The Employment Act only covers the workplace and does not cover contract or freelance workers, she points out. This will become problematic in the future as the nature of work changes with technology disruption – even now more of the young are going into freelance or part-time work. The Act is also not applicable in Sabah and Sarawak.
Referring to calls to amend the Employment Act instead of introducing a new law, Yeoh says: “The Employment Act is very specific in that it looks at the welfare of workers and working conditions. It will be easier and more practical if we come up with a standalone Act.”
Ultimately, she says, it will be better for victims to have an alternative recourse under a sexual harassment Bill.
Yeoh acknowledges the Government’s efforts to prevent sexual harassment in the workplace, including the introduction of the Code of Practice on the Prevention and Eradication of Sexual Harassment in 1999.
“Unfortunately, the code is merely a guideline for employers and does not have the force of law,” she says.
It has been reported that as of August 2010, only 400 of 450,000 registered and active companies have implemented the code.
Malaysian Employers Federation executive director Datuk Shamsuddin Bardan says it is unfair to just blame the employers.
“Many of the companies are small or medium-sized – some with less than 10 employees – so sexual harassment is not their top priority.
“However, many have taken action against harassers when they receive complaints from their employees, even if no sexual harassment policy is in place.”
Shamsuddin concedes that awareness is low.
“The Government needs to create awareness on what is sexual harassment and what victims can do,” he says.
Yeoh proposes that the Government duplicate the Occupational Health and Safety Act (OSHA) to compel employers to do the necessary.
“Under OSHA, companies with more than 40 employees are required to come up with a safety policy. We can enforce the same rule with sexual harassment policy and mechanism. If the companies are small, maybe their (umbrella) organisations can have their own policy for members,” she suggests.
“At the workplace, we need to implement an anti-retaliation policy which will encourage people to report their case without fear of reprisal from employers. The Bill also seeks to establish a tribunal to conduct the inquiry quickly.”
To prevent false accusations, JAG has put in the necessary clause in the Bill, she adds.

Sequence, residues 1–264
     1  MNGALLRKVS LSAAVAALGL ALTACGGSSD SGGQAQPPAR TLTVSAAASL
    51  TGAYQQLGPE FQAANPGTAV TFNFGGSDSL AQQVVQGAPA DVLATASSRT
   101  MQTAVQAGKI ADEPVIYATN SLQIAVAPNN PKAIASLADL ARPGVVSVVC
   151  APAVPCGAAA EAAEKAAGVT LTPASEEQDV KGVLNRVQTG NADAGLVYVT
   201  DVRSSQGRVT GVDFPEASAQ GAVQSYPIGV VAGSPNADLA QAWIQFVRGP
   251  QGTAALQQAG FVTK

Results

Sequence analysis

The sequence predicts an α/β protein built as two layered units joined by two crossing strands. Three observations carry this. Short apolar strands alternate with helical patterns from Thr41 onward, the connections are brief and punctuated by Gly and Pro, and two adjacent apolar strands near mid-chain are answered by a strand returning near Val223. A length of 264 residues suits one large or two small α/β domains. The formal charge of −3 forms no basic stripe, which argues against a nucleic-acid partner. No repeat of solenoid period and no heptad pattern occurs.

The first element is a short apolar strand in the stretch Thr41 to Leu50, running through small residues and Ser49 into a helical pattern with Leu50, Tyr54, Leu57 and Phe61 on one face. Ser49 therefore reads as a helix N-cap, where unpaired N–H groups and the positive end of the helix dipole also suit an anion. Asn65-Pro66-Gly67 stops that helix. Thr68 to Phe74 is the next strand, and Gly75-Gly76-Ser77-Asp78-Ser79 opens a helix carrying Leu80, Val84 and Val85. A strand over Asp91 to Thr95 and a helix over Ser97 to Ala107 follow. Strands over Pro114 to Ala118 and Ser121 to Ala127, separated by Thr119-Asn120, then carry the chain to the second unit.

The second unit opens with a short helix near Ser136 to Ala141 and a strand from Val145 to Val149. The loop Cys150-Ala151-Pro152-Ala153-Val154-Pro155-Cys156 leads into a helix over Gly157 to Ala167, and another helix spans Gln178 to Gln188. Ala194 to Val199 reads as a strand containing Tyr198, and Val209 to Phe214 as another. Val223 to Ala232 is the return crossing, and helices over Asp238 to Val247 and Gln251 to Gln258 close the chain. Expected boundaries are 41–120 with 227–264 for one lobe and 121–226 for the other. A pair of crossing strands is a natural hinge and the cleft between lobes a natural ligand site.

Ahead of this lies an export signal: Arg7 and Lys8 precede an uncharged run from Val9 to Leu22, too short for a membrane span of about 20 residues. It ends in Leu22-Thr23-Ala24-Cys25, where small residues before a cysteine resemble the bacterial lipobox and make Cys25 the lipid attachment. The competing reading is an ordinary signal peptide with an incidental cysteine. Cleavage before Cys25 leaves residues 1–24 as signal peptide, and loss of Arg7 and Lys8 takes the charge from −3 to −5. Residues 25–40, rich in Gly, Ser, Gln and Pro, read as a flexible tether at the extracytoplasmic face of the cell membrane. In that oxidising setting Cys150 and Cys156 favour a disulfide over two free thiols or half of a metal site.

“We have to be fair to all parties. Crucially, we need clear procedures on how complaints are to be made and how to take action. There should also be a relevant contact person who can assist victims and provide post-trauma counselling.”
But this point remains: victims are still reluctant, many out of fear, to come forward.
This is due to the patriarchal culture of our society, Yeoh admits.
“Just look at who gets the blame in these cases. We always ask ‘what did she do?’, ‘what was she wearing?’. The blame is always on the girls, it is our culture. It is the way we are socialised.”
Legal advocate Animah Kosai says the blame game is also due to the “macho culture”.
“Powerful men are surrounded by ‘blind followers’ who do not want to stand up to him and are only too willing to tear a woman apart should she even dare to accuse him of wrongdoing,” she says, citing a case in which a political leader at a town hall meeting was asked by a woman about measures to reduce street crimes as she was worried about her safety.
“He replied ‘it’s because you’re so beautiful. The next time you go out, wear shabby clothes.’ Many in the audience laughed and wolf-whistled,” she recounts, saying that the fear of retaliation is why many women find it difficult to speak up about sexual harassment.
“You will always get a bad man or woman. But it’s the people surrounding the offender – who turn a blind eye or enable it – who allow it to get bigger,” says Animah.
Fundamentally, we need a culture change, but a specific law is vital, Yeoh says: “Sexual harassment law is not to make life difficult for employers and men. It is to create a harassment-free and safer environment for all of us.”